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CGI / Perl / Sendmail / SSI
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If you don't know a term we are using please take a look at our 'What is...?' page.

Where to place your CGI scripts
Although there is nothing dangerous about placing cgi scripts in random directories throughout your site, it's best if you keep them in their own little home known as the cgi-bin. This minimizes security risks and allows you to maintain your cgi programs from one directory.

The path to Perl
One of the first things you have to do when configuring a script is to set the correct path to the Perl interpreter (the engine responsible for processing the script). The path to Perl on our servers is: #!/usr/bin/perl

The path to sendmail
Some programs such as the ones, which send email will need to know where the Sendmail program resides on the server. The script will typically have a setting like this: $mailprog = '/usr/sbin/sendmail'; and will want you to set it appropriately. Sendmail on our servers can be found here: /usr/sbin/sendmail or /usr/lib/sendmail

Setting directories within your cgi scripts
When you configure a CGI script, it may ask you to set variables such as the base, relative, and CGI directory/url settings. Here's an example, using Matt Wright's script. Obviously, each script may vary, but this should provide you with some basic idea:
$basedir = "/home/yourusername/public_html/wwwboard";
$baseurl = "";
$cgi_url = "";

New to CGI?
Most scripts come with documentation on how to set them up. Please make sure you read and understand it before configuring the script. New to cgi? Here is a page with questions and answers to numerous questions evolving around the inns and outs of using CGI within your scripts: Another excellent site, which provides step by step chapters is:

Using Server Side Includes (SSI)
SSI works in conjunction with a web page usually with the .shtml extension. The .shtml extension tells the server to do something different with the web page. When you append the .html or .htm extension, this tells the server to "read" the page only. The .shtml extension tells the server to "Execute" the page, in addition to just reading it.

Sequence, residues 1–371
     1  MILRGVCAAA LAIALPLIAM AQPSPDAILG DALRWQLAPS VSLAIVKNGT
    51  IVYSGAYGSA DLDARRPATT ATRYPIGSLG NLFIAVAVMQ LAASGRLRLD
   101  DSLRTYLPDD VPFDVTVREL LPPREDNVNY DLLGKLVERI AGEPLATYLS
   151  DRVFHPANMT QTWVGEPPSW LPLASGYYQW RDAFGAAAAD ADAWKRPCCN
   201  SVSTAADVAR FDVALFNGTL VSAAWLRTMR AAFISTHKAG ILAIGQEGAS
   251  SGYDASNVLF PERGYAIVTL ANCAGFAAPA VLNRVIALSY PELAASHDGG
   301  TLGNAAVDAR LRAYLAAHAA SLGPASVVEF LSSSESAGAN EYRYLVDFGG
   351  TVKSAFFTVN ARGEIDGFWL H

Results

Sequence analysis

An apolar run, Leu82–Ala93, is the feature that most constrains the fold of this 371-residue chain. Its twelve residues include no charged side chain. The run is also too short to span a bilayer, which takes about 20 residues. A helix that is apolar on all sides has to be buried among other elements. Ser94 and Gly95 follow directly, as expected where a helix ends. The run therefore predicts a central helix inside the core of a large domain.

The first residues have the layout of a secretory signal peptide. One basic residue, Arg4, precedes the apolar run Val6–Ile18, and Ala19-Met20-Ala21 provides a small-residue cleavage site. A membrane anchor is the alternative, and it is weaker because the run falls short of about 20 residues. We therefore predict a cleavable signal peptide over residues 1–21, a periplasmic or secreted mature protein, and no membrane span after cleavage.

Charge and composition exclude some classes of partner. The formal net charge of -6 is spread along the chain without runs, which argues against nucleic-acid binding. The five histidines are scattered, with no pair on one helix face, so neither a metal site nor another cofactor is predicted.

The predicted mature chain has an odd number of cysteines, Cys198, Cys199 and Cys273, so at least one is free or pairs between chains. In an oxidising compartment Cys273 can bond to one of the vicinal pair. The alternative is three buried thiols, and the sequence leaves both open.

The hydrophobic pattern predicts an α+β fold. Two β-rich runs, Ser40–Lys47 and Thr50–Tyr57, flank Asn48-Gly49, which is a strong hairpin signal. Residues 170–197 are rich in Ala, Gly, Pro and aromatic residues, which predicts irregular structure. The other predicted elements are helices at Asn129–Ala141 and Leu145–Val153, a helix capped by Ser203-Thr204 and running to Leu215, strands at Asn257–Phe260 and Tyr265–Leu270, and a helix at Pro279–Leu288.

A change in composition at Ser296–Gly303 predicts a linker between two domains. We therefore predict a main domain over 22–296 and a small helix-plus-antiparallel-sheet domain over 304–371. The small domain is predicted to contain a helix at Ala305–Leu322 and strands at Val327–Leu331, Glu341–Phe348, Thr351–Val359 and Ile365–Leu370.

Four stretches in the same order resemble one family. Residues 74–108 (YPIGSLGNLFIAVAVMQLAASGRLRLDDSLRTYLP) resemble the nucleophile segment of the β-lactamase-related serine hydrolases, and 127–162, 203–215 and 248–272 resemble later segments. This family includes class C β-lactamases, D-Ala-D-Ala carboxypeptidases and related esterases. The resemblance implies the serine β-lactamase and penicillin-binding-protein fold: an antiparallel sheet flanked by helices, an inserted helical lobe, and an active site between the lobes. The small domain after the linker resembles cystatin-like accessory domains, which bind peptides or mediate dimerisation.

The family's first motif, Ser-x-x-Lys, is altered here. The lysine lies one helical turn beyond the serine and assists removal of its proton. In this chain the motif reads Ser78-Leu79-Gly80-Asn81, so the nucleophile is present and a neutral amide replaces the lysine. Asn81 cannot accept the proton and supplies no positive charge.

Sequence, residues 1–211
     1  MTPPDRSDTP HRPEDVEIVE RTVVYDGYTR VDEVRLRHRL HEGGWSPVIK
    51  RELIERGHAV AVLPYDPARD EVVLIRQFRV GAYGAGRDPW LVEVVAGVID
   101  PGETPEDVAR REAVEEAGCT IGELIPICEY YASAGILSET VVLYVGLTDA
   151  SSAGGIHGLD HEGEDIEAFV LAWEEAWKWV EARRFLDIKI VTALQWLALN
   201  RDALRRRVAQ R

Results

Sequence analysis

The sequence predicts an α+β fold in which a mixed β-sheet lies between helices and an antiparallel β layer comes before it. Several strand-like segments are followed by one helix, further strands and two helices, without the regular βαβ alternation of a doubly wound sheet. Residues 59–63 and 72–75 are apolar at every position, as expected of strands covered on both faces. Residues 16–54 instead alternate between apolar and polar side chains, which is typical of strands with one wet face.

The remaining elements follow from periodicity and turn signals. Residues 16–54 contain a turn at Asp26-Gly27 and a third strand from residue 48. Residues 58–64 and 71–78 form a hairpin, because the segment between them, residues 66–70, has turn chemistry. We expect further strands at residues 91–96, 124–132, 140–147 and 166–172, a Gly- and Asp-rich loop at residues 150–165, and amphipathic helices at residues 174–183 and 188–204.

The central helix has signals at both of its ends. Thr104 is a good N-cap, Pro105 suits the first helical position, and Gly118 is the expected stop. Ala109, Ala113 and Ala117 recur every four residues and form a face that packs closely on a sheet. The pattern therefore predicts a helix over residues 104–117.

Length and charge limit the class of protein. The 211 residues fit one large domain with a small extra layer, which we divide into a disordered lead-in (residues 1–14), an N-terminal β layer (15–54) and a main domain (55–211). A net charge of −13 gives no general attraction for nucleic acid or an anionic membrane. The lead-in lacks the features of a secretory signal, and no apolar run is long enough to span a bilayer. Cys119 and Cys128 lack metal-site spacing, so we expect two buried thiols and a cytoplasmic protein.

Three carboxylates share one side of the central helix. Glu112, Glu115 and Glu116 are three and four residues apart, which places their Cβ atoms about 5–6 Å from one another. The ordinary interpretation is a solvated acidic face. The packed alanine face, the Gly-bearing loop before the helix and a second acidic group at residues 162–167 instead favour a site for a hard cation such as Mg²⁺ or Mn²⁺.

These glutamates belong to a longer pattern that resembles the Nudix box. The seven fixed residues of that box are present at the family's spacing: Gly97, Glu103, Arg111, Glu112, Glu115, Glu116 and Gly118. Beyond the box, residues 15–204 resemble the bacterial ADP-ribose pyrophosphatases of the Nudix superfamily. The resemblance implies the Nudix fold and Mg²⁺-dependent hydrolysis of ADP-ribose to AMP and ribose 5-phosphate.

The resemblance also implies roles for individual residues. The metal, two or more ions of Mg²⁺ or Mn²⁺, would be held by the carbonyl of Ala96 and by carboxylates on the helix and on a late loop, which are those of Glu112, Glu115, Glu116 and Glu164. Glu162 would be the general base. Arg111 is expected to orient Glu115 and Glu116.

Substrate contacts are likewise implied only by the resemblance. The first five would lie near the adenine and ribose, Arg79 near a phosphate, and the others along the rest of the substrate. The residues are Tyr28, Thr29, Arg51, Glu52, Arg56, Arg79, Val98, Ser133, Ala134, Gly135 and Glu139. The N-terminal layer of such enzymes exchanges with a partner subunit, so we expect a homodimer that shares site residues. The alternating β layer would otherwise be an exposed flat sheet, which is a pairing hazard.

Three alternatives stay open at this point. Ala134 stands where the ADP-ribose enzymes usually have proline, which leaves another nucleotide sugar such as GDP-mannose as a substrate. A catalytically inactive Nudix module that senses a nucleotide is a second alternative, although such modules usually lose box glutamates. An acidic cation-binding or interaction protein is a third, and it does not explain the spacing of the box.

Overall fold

So, why would you want to execute the page? There are various commands you can program into a web page, which the server will look for and parse when the file is called as .shtml. In many cases, this mode is used in conjunction with Server Side Include (SSI) tags, to call a CGI script. For example, you have a visitor counter script, and we'll call it count.cgi. Every time someone visits your website, you want the script to be called, so that it logs the visitor into a file.

To do this, you would place an SSI tag into your web page. The tag in this case, would look something like:
<!--#exec cgi="/cgi-bin/count.cgi" -->
This small tag, which is hidden in the html coding of your page is telling the server to:

1. Go to the cgi-bin
2. Execute count.cgi

That's it! The information has been captured and processed by the count.cgi script. Of course, that's the short version of what happens. The long version would no doubt, would take us far beyond the scope of this document.
PLEASE do not use the .shtml extension on "all" of your web pages unless it's absolutely necessary. With a busy web site, this means that every page must be executed, as opposed to just read. This as you can appreciate, can add considerable memory and CPU load to the system. As always, read the instructions that came with your script carefully. They should provide specific instructions on how to configure the script, as well as the SSI tag

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